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An investigation of groundwater drought in the chalk of South-East England

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Title: An investigation of groundwater drought in the chalk of South-East England
Authors: Nubert, Stefan
Item Type: Thesis or dissertation
Abstract: The South-East England Chalk aquifer is arguably the most significant groundwater resource in the UK. The South-East has experienced mean temperature increases of 1.0-1.7 °C since 1961, but negligible change in precipitation. The impact of this temperature change on groundwater levels is not well understood. Two of the longest groundwater records in the world are located on the Chichester Chalk Block. The Chilgrove record from the Lavant catchment dates from 1836, and the nearby Compton record dates from 1892. These records provide an unprecedented opportunity to investigate long-term trends in groundwater levels. A broad range of statistical analyses have been applied to the Chilgrove and Compton records, which indicate that annual groundwater minima approximately conform to a normal distribution and can be used as a surrogate drought indicator. The records have shown a trend of increasing severity and frequency of minima since the early 1970s. Hydrometric data for the catchment shows a consistency with UK-wide trends of increasing temperatures and potential evapotranspiration, along with increases in winter and decreases in summer precipitation. Corresponding changes in seasonal recharge have resulted in cyclic behaviour and extreme events often providing a trigger for transition between periods of high, normal and low recharge. The Lavant Conceptual Model (LCM) has been developed for modelling groundwater levels and streamflows, and has been calibrated against historic catchment records. The model is shown to closely reproduce the historic groundwater trends. A Soil Moisture Accounting Procedure (SMAP) based on solving Richards' equation has been coupled to the LCM to create a second model that performs more accurately in drought conditions. Applying UKCP09 Weather Generator emission scenario data to the LCM has indicated that projected minima will demonstrate large amounts of variability, similar to that observed in the historic data, and that distinct future trends are difficult to identify.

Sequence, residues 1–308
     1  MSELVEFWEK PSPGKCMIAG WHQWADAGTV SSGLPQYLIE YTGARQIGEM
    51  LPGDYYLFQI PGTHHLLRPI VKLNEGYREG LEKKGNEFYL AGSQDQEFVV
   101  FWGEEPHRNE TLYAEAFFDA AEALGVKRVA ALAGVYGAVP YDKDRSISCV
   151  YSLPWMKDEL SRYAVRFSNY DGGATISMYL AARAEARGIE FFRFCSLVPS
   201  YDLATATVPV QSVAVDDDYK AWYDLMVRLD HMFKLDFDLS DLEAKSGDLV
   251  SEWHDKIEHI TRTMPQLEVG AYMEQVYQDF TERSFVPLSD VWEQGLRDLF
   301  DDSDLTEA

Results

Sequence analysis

Content Version: Open Access
Issue Date: Apr-2017
Date Awarded: Dec-2017
URI: http://hdl.handle.net/10044/1/56043
DOI: https://doi.org/10.25560/56043
Supervisor: Butler, Adrian
Onof, Christian
Wheater, Howard
Sponsor/Funder: Engineering and Physical Sciences Research Council
Great Britain. Environment Agency
Department: Civil and Environmental Engineering
Publisher: Imperial College London
Qualification Level: Doctoral
Qualification Name: Doctor of Philosophy (PhD)
Appears in Collections:Civil and Environmental Engineering PhD theses

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